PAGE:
Cory Doctorow: What the Internet Is For

The internet operates on a revolutionary principle, underpinned by a revolutionary principle, overlaid by a revolutionary principle. Is it, therefore, revolutionary?

The revolutionary principle the internet runs on is this: the “end-to-end” principle, which states that any person using the internet can communicate with any other person on the internet without getting any third party’s permission. If you want to connect to my webserver, you simply connect to it: you don’t need to pay a long-distance charge, or ask your ISP to turn on the “web” feature. When someone invents another way of communicating, like Skype or Bittorrent or the Interplanetary File System (which is a real thing that you should really go look up), you can start using that right away to talk to anyone else who’s using it – no permission from the phone company required.

This is revolutionary. It replaces the principle of “circuit switching” in which all connections needed to be mediated through a central authority – AT&T – and only one kind of communications – voice – was permissible. Other “features” in the system, like the ability to send faxes, or plug in a modem, or connect an answering machine, or even to use a device called the “Hush-a-Phone” (a plastic cup that fit over the phone’s receiver) were licensed by AT&T for a fee. You may recall that at one time, the “feature” of Caller ID cost extra – this would be like your email provider charging extra to see who the message was from before you opened it.

The revolutionary principle of end-to-end changed telecoms forever. It let people build new, undreamt-of services atop the phone network, and then services atop those services, until the phone network itself was outgrown by the internet, replaced with fiber cables that merely carry the odd phone call, which is a relic of the past bobbing along in a raging torrent of data.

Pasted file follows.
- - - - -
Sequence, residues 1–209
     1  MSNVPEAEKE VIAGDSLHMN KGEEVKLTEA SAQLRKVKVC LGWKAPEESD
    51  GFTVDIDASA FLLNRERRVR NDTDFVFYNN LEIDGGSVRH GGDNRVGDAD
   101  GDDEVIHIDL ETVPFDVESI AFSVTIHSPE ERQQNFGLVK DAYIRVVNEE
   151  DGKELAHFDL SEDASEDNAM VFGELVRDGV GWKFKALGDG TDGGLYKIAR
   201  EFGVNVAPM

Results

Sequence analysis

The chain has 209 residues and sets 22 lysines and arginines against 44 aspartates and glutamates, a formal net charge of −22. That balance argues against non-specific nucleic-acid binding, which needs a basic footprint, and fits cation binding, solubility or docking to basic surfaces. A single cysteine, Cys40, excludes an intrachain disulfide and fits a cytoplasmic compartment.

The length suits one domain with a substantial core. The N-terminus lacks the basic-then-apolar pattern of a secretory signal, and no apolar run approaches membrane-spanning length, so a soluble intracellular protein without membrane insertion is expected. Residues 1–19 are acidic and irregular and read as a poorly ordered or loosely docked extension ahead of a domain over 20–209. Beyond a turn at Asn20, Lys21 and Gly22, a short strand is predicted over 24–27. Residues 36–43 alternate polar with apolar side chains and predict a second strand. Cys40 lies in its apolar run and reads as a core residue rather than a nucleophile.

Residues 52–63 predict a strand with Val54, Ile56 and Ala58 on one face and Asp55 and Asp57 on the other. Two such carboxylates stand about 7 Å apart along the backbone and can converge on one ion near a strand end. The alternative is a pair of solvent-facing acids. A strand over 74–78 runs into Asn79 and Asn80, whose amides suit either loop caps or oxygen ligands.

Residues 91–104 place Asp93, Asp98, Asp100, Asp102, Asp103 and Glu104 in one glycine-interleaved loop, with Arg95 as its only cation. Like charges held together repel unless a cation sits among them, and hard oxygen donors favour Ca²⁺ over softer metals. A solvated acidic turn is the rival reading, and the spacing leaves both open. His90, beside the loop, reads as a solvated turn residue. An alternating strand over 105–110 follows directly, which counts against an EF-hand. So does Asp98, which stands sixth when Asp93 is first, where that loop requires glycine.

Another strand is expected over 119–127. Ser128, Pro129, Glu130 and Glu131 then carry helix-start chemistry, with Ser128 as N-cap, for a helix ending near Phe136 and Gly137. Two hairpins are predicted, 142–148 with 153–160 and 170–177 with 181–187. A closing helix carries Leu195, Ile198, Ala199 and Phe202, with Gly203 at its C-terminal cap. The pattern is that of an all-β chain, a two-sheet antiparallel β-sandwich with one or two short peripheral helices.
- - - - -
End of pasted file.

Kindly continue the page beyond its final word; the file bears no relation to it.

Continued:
Computers operate on a revolutionary principle. The “Universal Turing Machine” describes the underlying theoretical architecture of every computer you use today, and it describes a system for building a computer that can compute anything. Any program that can be expressed in symbolic logic can be executed on any computer. Modern computers may run the program in an eyeblink and older computers may labor for centuries over the same code, but given enough time, all computers can run all programs.

This is revolutionary. It replaces the bygone practice of building special-purpose “calculating engines” that were engineered and built to solve a single kind of problem: actuarial tables, ballistic tables, census computation.

The revolutionary principle of universal computing changed the destiny of humanity. The fact that we use the same computers to power every kind of application from medical implants to cars to phones to voting machines means that any improvement made to computers for any application improves computers for every other application. When you wonder at how quickly and how far computers have come in our lifetimes, this is the fact to keep in mind: no matter what your field of endeavor, you benefit from improvements in computing, and thus there is no end to the energy and resources available for making computers better and better and better.

Modern encryption is a revolutionary principle. While humanity has made ciphers to keep its messages secret since the time of the Caesars, the application of universal computers to cryptography, combined with fundamental breakthroughs in mathematics, has produced a family of reliable scrambling systems that work so well that even modestly powerful computers can, in an eyeblink, encrypt a file so thoroughly that all the computers built and all the computers that ever will be built will never be able to guess the key needed to descramble it.

Universal computers can run every program, including the ones that do the unbreakable scrambling and descrambling. Universal networks can carry any message from anyone to anyone, including the scrambled messages that can never be unscrambled without permission.